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About Zmorfius

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  1. I am sorry and i was clearly very wrong on a lot of things.   Also interesting to read from a insider that EA does not deserve the bad rep it has among gamers, or atleast not from a developers perspective.   I certainly do not find myself in this tho;     But i am glad that you told me that is how you see it, and also further explained your reasoning behind your first post.   Now you have proven me wrong on-topic *bows down to Frob*   but the fact you came back to further explain would indicate you at least partially agree or understand how your first answer came across to me as negative without explanation.   If i am also mistaken on that last part you would be wise to keep in mind that my respons actually got me what i desired; a very full explanation from a industry expert, and it also encouraged other people to further elaborate.   Thanks Frob, ill remember to buy you a beer if we ever meet ;)
  2. Thanks, "Servant" that was a very educational reading, i was not looking for conclusions i was looking for analyses such as the first part of your reply - it helps me understand WHY something does work or not work rather then just being told it does not work, to me learning is about understanding not just the conclusion, no one would ever make any progress if they just accepted conclusions without explanations.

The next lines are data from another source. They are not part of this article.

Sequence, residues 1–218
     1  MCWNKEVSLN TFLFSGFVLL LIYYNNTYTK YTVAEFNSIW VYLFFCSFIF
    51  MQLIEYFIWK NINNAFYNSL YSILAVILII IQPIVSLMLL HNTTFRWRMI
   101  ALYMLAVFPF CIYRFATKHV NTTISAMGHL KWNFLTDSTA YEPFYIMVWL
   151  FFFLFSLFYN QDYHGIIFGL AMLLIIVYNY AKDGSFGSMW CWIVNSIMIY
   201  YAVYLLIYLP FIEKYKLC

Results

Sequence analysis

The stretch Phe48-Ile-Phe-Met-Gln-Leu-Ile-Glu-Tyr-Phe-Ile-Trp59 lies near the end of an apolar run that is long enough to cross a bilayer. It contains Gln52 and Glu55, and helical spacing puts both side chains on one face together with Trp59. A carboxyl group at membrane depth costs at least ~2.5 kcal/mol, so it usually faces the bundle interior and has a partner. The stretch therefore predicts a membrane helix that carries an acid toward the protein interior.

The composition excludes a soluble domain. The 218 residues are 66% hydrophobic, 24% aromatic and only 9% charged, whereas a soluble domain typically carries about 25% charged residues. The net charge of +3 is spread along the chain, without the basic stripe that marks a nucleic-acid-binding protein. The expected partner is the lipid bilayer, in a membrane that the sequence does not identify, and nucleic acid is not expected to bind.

3. Thanks guys, appreciate the time you both took for a solid respons.
  4. Ok so where is Frobs respons was there "any positive advice" i could practically use to further my goals ?       I did in no way speak negatively about Mr Frob! . I did however speak negatively about the company EA - if that is not allowed on a gaming related forum........   You tell me i am wrong but you fail to provide logic to back it up, story of my life people abusing their position to be "right" about something.   Not backing down from bully's Tom, Don't be a bully. 
  5. Well that is a very depressing read mr frob, doom and gloom without much reasoning behind it or offering no real advice for me to proceed other then a general "it cant be done many have failed and so will you" type of crap.   K never mind, i just checked out your personal website,you worked on 3 titles for electronic arts, enough to make anyone a negative cynic no doubt.   Shame they ruined you at EA, to bad they did not give you a % huh, maybe you would have opportunity now to invest your time and talent as you wish instead of chasing the monthly paycheck.   Nevertheless i guess thanks for the input, i will no doubt have to deal with a lot of this sort of response in the coming months so its good practice.   Igor